Outcome of Midterm Elections Will Have Effect on Health Policy

The outcomes of Tuesday’s midterm elections could have a significant effect on health care policy, Modern Healthcare reports.

In particular, whichever party controls the U.S. Senate after the election has the power to shape the future of the Affordable Care Act. Republicans must gain six seats to take control of the chamber, and most predictions indicate that will happen, though a few races are very close, according to Modern Healthcare.

State Races Will Shape Medicaid Expansion’s Future

Beyond the senatorial races, the outcome of various state-level elections have the potential to strongly influence the future of Medicaid expansion (Demko, Modern Healthcare, 11/3).

States where Medicaid expansion could hinge on the elections’ outcomes include:

-South Dakota;
-Wisconsin; and
-Wyoming (Millman, “Wonkblog,” Washington Post, 11/3).

According to the Wall Street Journal’s “Washington Wire,” six of the 23 states that have not yet expanded their Medicaid programs have contentious gubernatorial races (Altman, “Washington Wire,” Wall Street Journal, 11/3).

In Maine, the outcome of both gubernatorial and legislative races could determine whether the state expands the program. Gov. Paul LePage (R), who is running to retain his position, has repeatedly blocked expansion, while his Democratic challenger has vowed to expand Medicaid if elected. Further, control of Maine’s Legislature, which is currently held by Democrats, could change. University of Maine political science professor Jim Melcher said, “I don’t think Republicans taking the state Senate would necessarily rule out Medicaid expansion,” but “[i]t would certainly make [expansion] more difficult.”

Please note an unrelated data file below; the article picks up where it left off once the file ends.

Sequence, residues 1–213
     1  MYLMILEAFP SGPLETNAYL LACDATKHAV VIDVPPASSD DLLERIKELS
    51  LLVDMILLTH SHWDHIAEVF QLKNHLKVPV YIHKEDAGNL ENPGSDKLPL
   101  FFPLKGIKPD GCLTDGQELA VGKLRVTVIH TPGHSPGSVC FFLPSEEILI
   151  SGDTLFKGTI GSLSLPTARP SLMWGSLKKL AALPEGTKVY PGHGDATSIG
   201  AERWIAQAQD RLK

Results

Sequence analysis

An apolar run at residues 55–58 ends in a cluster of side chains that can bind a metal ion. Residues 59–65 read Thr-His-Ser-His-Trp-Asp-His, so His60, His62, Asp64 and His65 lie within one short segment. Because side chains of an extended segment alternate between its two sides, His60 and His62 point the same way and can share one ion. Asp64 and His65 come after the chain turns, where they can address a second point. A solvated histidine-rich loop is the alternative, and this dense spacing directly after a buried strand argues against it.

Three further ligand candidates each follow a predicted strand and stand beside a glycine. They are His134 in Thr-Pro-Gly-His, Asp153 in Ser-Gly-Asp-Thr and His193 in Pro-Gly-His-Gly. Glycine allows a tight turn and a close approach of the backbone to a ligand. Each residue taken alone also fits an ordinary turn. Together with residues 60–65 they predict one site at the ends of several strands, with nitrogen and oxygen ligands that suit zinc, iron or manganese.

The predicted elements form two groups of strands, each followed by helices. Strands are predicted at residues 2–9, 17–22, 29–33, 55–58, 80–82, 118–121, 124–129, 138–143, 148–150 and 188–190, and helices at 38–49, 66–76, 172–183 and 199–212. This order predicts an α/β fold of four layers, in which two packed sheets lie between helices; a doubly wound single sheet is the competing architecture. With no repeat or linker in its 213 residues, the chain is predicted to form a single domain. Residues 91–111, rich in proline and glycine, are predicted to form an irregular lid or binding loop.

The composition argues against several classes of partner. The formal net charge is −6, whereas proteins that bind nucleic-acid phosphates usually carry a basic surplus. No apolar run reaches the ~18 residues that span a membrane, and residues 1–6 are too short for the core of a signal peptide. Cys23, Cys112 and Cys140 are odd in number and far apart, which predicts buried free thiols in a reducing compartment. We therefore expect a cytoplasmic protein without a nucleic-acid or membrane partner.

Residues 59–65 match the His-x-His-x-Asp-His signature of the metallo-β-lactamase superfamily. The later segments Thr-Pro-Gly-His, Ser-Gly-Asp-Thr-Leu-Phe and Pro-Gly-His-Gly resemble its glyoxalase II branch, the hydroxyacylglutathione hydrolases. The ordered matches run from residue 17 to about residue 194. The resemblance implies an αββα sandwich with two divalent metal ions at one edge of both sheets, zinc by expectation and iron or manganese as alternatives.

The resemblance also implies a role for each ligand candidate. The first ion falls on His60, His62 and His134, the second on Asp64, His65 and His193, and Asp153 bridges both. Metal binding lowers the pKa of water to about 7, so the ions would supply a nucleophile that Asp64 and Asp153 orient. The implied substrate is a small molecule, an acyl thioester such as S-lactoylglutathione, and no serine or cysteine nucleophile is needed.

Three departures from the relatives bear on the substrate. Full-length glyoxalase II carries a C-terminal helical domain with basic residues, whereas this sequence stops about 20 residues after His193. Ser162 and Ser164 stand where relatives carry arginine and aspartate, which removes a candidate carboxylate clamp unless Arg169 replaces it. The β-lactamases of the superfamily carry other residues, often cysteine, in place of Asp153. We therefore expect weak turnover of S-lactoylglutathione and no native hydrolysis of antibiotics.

In other states, a change in power at the executive level could mean the state will reverse its Medicaid expansion. For example, Republican Asa Hutchinson, who currently has the lead in Arkansas’ gubernatorial race, and Doug Ducey, a Republican gubernatorial candidate in Arizona, both have remained noncommittal to continuing those states’ Medicaid expansions.

However, it would be “incredibly difficult” for a state to cease providing Medicaid benefits after it expanded the program, according to Avalere Health Vice President Caroline Pearson. She continued, “New governors in states that previously expanded Medicaid may pursue small changes to Medicaid over time that align with their political philosophy, but they are unlikely to fully repeal the expansion” (Modern Healthcare, 11/3).

Further, not all newly elected Republican governors would be automatically resistant to expanding Medicaid. According to “Wonkblog,” some GOP governor-elects could increase the program’s eligibility limits to take advantage of the influx of federal funding that comes with expansion (“Wonkblog,” Washington Post, 11/3).

Other State Health Care Initiatives

Meanwhile, ballot measures in various states address health policy issues such as ACA implementation and abortion.

For example, one California measure would give the state’s insurance commissioner the power to regulate health insurance premiums, including rates in the state’s insurance exchange, while an amendment to North Dakota’s constitution could limit women’s access to abortion and potentially other reproductive health services (Modern Healthcare, 11/3).

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